slowdown in China that will restrain European exports, economic data over the next few months could be ugly.
Business and consumer confidence readings have already cratered and even though governments have rolled out support measures to cushion the impact, there is still a clear risk of recession in Europe.
Slow and steady
In this environment, the ECB is essentially trapped. It needs to tighten policy to control inflation, but if it steps on the brakes too hard, it would increase recession risks even further. That’s not a gamble the officials want to take.
Hence, the only realistic option is to raise interest rates in a very careful manner. The ECB has to strike the right balance, tightening neither too fast nor too slow.
On the bright side, the labor market was very strong before the Ukraine crisis. The unemployment rate hit a record low in February, so there is some optimism that the economy can absorb the hit without falling apart.
No relief for the euro?
All told, the ECB is about to hike rates for the first time in a decade. While it won’t commit to a specific meeting this week, it is becoming clear that September is a realistic time for liftoff. Asset purchases could end in July, the earliest possible date according to the forward guidance.
But for the euro, this might not be enough to stop the bleeding. Money markets have already priced in 73 basis points of rate increases for this year, which amounts to three quarter-point hikes. The first move is fully priced for September and market pricing also implies a 60% probability for a ‘double’ hike of 50 basis points at that meeting.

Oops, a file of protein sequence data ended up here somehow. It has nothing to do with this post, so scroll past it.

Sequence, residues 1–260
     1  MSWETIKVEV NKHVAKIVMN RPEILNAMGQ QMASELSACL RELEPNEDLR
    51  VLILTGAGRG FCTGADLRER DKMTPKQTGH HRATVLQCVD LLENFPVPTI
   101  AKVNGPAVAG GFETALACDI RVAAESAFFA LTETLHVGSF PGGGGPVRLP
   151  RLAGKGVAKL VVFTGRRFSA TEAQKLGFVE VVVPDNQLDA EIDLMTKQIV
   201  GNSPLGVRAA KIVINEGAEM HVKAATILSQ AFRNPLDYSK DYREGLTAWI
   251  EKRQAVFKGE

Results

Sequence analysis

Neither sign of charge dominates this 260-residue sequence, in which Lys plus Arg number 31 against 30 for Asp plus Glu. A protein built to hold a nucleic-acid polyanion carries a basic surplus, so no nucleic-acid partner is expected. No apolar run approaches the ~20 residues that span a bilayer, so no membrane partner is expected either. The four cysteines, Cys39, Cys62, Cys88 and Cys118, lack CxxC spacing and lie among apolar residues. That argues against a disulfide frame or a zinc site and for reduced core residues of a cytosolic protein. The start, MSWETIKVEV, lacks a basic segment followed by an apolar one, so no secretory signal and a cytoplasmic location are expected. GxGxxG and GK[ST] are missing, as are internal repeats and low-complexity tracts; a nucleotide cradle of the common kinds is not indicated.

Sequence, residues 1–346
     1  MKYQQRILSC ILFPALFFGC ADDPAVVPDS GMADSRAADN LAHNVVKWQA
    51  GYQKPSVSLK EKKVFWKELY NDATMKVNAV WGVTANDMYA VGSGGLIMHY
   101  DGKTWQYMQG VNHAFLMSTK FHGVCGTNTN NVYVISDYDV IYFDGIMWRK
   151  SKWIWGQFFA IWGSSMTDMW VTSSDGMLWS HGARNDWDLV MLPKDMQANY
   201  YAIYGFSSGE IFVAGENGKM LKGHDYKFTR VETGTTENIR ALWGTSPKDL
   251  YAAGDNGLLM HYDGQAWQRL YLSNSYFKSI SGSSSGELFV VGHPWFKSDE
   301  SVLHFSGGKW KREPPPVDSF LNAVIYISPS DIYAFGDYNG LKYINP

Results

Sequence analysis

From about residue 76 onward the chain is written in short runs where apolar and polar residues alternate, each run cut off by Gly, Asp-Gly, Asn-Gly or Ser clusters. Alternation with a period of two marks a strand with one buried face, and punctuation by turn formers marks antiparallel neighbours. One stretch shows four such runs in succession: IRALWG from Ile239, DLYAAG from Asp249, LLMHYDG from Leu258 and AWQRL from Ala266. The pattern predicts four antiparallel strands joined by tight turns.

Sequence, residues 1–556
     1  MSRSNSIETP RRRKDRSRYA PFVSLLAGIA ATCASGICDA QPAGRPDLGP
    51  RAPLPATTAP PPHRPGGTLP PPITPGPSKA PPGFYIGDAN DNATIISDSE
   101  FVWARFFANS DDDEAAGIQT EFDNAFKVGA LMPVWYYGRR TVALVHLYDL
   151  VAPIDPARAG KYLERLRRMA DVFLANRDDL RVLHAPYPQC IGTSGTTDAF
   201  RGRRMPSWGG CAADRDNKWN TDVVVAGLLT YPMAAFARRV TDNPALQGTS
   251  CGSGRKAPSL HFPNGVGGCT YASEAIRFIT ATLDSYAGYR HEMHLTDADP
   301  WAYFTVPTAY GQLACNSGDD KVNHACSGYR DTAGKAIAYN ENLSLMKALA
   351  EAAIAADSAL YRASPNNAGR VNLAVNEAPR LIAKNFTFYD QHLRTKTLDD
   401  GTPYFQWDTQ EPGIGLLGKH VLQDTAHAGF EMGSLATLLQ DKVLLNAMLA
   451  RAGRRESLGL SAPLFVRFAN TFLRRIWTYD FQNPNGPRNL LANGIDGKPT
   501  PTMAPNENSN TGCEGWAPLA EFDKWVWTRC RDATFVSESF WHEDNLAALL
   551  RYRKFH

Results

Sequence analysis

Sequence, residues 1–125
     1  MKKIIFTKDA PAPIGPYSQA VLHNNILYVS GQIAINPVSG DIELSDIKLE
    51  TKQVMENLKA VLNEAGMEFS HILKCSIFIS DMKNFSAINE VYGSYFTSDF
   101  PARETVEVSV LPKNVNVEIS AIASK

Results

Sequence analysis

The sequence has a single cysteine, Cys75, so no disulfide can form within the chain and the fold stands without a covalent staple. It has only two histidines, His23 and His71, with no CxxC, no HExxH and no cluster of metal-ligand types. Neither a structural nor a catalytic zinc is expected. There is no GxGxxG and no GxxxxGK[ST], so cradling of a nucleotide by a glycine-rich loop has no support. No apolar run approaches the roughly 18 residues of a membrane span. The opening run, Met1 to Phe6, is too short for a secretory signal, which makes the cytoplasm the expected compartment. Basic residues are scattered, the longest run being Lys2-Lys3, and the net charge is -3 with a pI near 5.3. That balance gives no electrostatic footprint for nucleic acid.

This is a tall bar for the ECB to overcome. Therefore, even though the central bank is moving in a more hawkish direction, its speed might not be enough to satisfy euro traders.
Euro/dollar has been trending lower for more than a year and if the ECB only delivers ‘half measures’ this week, that’s unlikely to change. A disappointment could see the pair test the 1.0835 region again.
If the ECB wants to save the euro, it needs to signal that rates can be raised earlier, possibly over the summer. This is a low-probability outcome as it would violate its own forward guidance, but not impossible given the inflation dynamics. In this scenario, euro/dollar could shoot higher, perhaps towards the 1.1120 zone.
Of course, for the euro to stage a sustainable rally, the growth outlook needs to improve first. That’s unlikely to happen until there’s a ceasefire in Ukraine and the French presidential election is out of the way
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The European Central Bank will conclude its next meeting at 11:45 GMT on Thursday, and with inflation running wild, it will likely signal that a rate increase is on the menu soon. Ending asset purchases in July followed by a rate increase in September seems like the most likely endgame. However, markets have already priced an even more aggressive tightening pace, so such signals might not be enough to rescue the battered euro.
The ECB has a crisis on its hands. Eurozone inflation is running at 7.5% per year, which is the fastest clip since the euro came into existence. And this may not be the peak. Supply chains are still a mess with the recent lockdowns in China while the invasion of Ukraine has sent commodity prices rocketing higher, so more inflation is probably in the pipeline.
The problem is that economic growth is losing steam. This means the ECB cannot raise interest rates with brute force to fight this inflationary spiral. Consumers are being forced to spend more on necessities like food and energy, which limits their ability to consume everything else. Coupled with the